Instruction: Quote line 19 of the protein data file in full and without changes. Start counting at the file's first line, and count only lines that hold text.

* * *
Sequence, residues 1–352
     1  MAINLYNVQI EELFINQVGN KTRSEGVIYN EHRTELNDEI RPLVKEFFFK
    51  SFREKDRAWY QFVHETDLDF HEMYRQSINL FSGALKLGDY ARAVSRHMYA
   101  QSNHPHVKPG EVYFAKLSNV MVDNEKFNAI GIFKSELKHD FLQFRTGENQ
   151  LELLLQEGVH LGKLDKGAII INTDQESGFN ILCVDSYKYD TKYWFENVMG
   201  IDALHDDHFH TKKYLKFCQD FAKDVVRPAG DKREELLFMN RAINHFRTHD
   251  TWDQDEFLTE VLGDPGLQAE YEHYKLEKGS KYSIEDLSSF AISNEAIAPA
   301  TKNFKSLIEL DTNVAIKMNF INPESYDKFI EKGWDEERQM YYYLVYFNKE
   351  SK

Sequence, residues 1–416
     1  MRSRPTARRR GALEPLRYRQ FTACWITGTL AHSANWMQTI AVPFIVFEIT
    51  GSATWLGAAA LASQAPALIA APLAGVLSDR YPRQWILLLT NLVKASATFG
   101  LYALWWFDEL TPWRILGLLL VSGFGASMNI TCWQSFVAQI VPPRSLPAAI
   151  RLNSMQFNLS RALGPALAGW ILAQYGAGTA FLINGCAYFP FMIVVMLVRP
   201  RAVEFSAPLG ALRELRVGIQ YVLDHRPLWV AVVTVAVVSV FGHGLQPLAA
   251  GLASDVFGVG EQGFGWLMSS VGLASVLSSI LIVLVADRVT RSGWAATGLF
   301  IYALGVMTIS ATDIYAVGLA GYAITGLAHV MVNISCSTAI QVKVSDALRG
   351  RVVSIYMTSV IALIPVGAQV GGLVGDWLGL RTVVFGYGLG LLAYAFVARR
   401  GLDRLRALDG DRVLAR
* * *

   401  GLDRLRALDG DRVLAR